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UK Budget – tackle corporation tax with Patent Box

4 March 2021

In our previous article ‘UK companies still overpaying corporation tax’, we examined the slow uptake of the Patent Box scheme and how UK-based businesses are still missing out on significant corporate tax savings. As the Chancellor of the Exchequer, Rishi Sunak, unveiled his 2021 budget, it became evident that the Patent Box scheme could now be more helpful than ever to innovative companies in the UK.


In his latest budget, the Chancellor of the Exchequer announced that corporation tax will increase to 25% for larger companies in 2023.  The rate will remain at 19% for businesses with profits of £50,000 or less, and rise in a tapered manner as profits increase to £250,000, at which point the full 25% rate will apply.  This change is being introduced to raise additional revenue for the UK Government, to fund the deficit resulting from measures taken during the Covid-19 pandemic.


While this rate will remain the lowest for the G7 countries, it will cause concern among many businesses.  However, help is at hand for innovative business who have patents in place to cover their products and services.  The UK Government’s Patent Box tax relief scheme allows companies to pay a nominal 10% rate of corporation tax on profits generated from patented technologies. With the differential between the Patent Box rate and the top rate of corporation tax set to widen, we expect this scheme to become even more attractive to innovative UK companies.  It is therefore incumbent on all such companies to set aside time to assess their intellectual property strategy, to determine if they can maximise the effect of their patent filing and mitigate this increased tax burden. Since it can take some time for qualifying patents to be granted, companies should act now to begin the process of filing patent applications and maximise the return on their R&D investment.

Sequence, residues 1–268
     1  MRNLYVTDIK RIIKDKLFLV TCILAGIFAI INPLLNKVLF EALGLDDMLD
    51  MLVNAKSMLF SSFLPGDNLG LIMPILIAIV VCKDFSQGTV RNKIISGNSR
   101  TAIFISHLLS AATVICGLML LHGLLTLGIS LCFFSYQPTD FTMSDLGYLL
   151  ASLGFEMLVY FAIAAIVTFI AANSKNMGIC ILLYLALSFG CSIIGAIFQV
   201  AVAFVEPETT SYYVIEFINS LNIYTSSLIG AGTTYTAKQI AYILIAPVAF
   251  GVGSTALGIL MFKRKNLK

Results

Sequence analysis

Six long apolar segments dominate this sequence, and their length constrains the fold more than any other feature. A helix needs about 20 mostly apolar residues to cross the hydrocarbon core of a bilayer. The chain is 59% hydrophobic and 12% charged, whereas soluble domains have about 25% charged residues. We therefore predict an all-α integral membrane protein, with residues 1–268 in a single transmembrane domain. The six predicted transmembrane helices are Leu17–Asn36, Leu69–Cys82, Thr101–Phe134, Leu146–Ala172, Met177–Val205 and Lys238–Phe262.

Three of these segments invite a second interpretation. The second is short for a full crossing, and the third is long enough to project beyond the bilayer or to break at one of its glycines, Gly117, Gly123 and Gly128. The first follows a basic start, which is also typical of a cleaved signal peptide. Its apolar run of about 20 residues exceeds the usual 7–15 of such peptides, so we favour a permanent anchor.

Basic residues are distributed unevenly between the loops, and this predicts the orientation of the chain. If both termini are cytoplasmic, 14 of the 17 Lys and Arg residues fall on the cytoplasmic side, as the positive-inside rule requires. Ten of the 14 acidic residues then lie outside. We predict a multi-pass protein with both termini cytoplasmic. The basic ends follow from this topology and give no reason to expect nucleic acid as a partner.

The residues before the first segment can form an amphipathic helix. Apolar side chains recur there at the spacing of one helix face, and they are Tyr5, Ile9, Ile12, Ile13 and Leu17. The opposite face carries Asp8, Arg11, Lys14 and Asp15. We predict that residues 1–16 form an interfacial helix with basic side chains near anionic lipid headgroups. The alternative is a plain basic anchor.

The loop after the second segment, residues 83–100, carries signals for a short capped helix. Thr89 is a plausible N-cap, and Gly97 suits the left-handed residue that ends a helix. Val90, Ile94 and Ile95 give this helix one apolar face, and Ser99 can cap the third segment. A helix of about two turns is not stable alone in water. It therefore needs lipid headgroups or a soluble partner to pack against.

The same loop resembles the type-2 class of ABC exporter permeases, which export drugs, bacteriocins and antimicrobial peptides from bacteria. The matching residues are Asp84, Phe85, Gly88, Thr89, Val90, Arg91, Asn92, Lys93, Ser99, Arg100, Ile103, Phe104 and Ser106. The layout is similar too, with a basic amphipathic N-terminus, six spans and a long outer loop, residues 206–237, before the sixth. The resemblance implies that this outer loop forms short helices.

More details about the Patent Box scheme can be found here.


This publication is a general summary of the law. It should not replace legal advice tailored to your specific circumstances.

© Withers & Rogers LLP March 2021